« Last Edit: October 04, 2013, 03:38:18 AM by MrSmith »
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KLaban

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Re: Recent Professional Works 2
« Reply #791 on: October 04, 2013, 05:00:36 AM »

I think Ezra's work certainly exhibits a classical aesthetic. But, I've yet to encounter a Greek sculpture able to capture the female form as Ezra does.

Gosh!

Having spent a great deal of time during my formative years as an art student viewing the classical Greek statuary I still see it as a celebration of life and the personification of human sexuality and form.

Conversely…

Thankfully it is the differences between us that make for an interesting life.
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Aphoto

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Re: Recent Professional Works 2
« Reply #792 on: October 04, 2013, 03:19:19 PM »

I'm not too much for architecture. But you put out some nice clean work...beautiful!

Thank you  :)

I've got some more:









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TMARK

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Re: Recent Professional Works 2
« Reply #793 on: October 04, 2013, 03:33:00 PM »

No one's mentioned it yet, so I will -- this shot is gorgeously done. Nice composition, lighting and retouching. Great work.

All of that AND the Chemex is the bomb.
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TMARK

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Re: Recent Professional Works 2
« Reply #794 on: October 04, 2013, 03:37:32 PM »

In re Russel and Rutherford's picture: Not to be a fuddy duddy, Michael Ezra's photos truly enter the realm of fine art. To me, this picture of the sultry woman looks well ... slutty. I've seen this type of picture ten million times in one form or another. The execution is fine. ... Not to be harsh, but I just don't get it, and I'm not trying to be mean-spirited.

I like them both. They don't lend themselves to comparison, really. 
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BobDavid

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Re: Recent Professional Works 2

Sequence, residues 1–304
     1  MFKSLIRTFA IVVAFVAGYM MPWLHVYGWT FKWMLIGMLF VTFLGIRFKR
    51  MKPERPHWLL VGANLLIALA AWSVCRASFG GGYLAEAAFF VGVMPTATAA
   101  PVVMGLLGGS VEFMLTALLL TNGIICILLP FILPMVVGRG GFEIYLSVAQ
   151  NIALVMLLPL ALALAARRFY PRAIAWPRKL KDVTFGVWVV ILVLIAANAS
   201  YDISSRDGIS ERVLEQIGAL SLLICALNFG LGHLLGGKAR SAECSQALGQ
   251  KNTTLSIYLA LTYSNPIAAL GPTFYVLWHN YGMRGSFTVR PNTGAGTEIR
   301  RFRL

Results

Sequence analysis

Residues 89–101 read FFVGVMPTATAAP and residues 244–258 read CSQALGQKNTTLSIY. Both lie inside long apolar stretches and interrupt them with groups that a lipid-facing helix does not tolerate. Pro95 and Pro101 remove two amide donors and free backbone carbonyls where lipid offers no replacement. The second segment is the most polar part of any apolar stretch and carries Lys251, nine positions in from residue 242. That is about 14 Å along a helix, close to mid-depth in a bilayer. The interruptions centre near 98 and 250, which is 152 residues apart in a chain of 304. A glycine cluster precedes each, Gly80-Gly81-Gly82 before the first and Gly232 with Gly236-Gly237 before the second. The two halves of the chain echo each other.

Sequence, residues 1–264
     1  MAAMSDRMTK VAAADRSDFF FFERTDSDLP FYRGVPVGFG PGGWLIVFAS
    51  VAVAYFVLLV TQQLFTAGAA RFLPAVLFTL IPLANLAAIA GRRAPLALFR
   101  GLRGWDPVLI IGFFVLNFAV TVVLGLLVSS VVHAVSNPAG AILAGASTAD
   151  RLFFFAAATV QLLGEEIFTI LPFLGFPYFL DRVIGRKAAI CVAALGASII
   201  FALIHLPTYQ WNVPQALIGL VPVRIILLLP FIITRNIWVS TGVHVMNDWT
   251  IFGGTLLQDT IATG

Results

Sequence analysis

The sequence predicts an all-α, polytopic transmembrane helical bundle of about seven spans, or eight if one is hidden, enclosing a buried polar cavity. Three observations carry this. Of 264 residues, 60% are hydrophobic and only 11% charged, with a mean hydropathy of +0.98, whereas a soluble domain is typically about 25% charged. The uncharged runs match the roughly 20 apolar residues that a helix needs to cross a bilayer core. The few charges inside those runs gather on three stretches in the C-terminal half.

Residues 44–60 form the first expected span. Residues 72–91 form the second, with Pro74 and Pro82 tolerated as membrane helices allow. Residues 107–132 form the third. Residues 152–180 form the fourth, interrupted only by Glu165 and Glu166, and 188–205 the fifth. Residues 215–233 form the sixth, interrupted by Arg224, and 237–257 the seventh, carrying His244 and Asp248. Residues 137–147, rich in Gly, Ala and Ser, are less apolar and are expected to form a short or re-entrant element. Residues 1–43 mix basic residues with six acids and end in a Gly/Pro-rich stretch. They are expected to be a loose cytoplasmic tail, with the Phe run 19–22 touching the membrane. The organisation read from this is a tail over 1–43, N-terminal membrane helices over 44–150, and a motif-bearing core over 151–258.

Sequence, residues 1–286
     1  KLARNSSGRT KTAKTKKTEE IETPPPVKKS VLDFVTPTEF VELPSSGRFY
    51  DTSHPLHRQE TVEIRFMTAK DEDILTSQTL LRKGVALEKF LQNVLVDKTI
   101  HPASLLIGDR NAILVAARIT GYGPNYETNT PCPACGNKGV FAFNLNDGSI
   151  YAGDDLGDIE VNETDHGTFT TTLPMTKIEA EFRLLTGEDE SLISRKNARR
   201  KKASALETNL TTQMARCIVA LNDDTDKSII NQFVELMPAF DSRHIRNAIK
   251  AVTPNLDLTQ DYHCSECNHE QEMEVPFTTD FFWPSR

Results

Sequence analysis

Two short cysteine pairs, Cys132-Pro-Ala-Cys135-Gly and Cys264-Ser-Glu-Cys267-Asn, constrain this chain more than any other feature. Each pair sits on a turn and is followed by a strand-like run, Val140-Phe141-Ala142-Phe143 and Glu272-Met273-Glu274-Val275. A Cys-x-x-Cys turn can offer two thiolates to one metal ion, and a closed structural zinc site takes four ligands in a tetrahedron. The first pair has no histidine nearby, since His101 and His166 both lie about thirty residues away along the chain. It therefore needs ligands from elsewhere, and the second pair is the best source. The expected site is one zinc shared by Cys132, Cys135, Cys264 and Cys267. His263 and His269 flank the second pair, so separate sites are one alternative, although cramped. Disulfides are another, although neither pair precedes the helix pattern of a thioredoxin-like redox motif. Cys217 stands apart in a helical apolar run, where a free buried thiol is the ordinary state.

« Reply #795 on: October 04, 2013, 08:24:57 PM »

Gosh!

Having spent a great deal of time during my formative years as an art student viewing the classical Greek statuary I still see it as a celebration of life and the personification of human sexuality and form.

Conversely…

Thankfully it is the differences between us that make for an interesting life.


You are spot on about Greek sculpture. The intent of sculptors in ancient Greece was to chip away at stone to apotheosize the human form. Well, those statues are idealized interpretations. Ezra's photos are about possibilities rather than dreams.
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haefnerphoto

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Re: Recent Professional Works 2
« Reply #796 on: October 04, 2013, 08:49:40 PM »

Thank you  :)

I've got some more:











Adrian, You captured this building beautifully!  It's a spectacular structure and I think your approach is perfect!  Jim

MichaelEzra

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Re: Recent Professional Works 2
« Reply #797 on: October 04, 2013, 09:50:21 PM »

I got trapped in photography, still sketching the sculptures I hope some day to really create.
I can't live without my BW "girls" but James' always make my day when I see them:)
Our works have similar yet very different purposes.
In the end it is all about witnessing the originals, all that we show are just copies:)




« Last Edit: October 04, 2013, 09:59:35 PM by MichaelEzra »
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MichaelEzra

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Re: Recent Professional Works 2
« Reply #798 on: October 04, 2013, 09:58:40 PM »

Hi Michael,
Do you store your paper on the wall or off?  I tend to get 'dimples' if I keep my background paper up on the wall. I think it sags slightly in the middle and when it unrolls the dimples appear. Rolls which I store off the wall, rolled up in their boxes standing vertically don't seem to have this problem.
Cheers
Jeremy

Hi Jeremy, I store paper within the plastic bag in their boxes yet still the same problem. I remember the first days in the studio when I was just stapling the paper to the wall under the ceiling:) Don't recall that I paid attention to the "dimples" then... more to the RZ, counting the frames and the model:) I may try the vinul on PhotoExpo, see if that works better.
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Kirk Gittings

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Re: Recent Professional Works 2
« Reply #799 on: October 04, 2013, 10:58:37 PM »

Thank you  :)

I've got some more:











Really nice.